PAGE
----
● Kapauku (OJ29); Leopold J. Pospisil; Kapauku Papuan Economy; page 35;
● Ojibwa (NG06); Alanson Buck Skinner; Notes on the Eastern Cree and Northern Saulteaux; page 151:
● Dogon (FA16); Denise Paulme and Freida Schutze; Social Organization of the Dogon (French Sudan); page 330;
● Guarani (SM04); Barbara Anne Ganson; Better Not Take My Manioc: Guarani Religion, Society, and Politics in the Jesuit Missions of Paraguay; page 43;
● San (FX01); Richard Lee; The !Kung Bushmen of Botswana; page 358;
● Mundurucu (SQ13); Yolanda Murphy; Women of the Forest; page 172;
● Hopi (NT09); Alice Schlegel; Hopi Family Structure and the Experience of Widowhood; page 43;

Once you have read these pages, either alone or in small groups, address the questions or issues below. Make sure you cite the author and page when referring to specific information from an ethnographic source.

1. Before investigating different forms of polygyny, consider the two examples included of monogamy, specifically the Hopi and the Mundurucu. What are the reasons given for why each culture practices monogamy?
2. Both the !Kung and the Ojibwa practice, at least in part, sororal polygyny. Consider the provided passages about these cultures and attempt to define sororal polygyny. Then examine the passages about the Kapauku and Haitians and attempt to define non-sororal polygyny. What is the main difference between these two systems?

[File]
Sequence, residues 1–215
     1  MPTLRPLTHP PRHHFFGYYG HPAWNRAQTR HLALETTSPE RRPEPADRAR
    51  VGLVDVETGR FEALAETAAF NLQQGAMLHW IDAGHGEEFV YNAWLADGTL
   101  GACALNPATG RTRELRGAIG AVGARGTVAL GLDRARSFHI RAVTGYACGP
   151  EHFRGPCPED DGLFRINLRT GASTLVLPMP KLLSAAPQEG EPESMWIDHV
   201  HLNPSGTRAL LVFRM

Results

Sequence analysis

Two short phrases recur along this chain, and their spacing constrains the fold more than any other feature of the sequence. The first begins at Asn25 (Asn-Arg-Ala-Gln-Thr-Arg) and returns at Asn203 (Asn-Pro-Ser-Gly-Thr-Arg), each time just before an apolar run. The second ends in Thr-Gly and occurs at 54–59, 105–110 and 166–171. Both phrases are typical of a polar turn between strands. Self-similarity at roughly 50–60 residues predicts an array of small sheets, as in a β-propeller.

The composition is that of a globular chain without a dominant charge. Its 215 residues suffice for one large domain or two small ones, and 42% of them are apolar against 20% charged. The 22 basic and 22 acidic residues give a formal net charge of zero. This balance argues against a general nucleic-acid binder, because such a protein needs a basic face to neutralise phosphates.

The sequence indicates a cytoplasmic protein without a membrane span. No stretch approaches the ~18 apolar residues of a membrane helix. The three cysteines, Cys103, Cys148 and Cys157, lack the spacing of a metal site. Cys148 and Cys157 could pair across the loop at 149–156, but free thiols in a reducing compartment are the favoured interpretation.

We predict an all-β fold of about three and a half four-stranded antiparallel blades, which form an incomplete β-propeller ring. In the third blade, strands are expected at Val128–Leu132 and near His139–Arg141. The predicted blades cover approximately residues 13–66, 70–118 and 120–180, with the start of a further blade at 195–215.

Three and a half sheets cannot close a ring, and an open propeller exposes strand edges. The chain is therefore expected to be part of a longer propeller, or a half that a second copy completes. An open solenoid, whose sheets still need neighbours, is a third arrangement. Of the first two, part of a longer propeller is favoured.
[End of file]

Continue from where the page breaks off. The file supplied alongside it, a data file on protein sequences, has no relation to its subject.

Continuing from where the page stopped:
3. Now that you have defined these terms, compare and contrast the !Kung and the Ojibwa with the Kapauku and Haitians. What are the differences in the dynamics of sororal and non-sororal polygyny? How does this affect the lives of those participating in these systems?
4. The third type of polygyny with which we are currently concerned is limited polygyny. This is a system where polygyny is permissable, but restricted to a smaller segment of the population in some way. Consider the Dogon and Guarani. What are different factors that limit the extent of polygyny in these societies?
5. Finally, take the examples of one of the three types of polygyny discussed and compare and contrast it against the two examples given of monogamy. Discuss the similarities and differences that you see in these systems and in the lives of those who participate in these differing systems.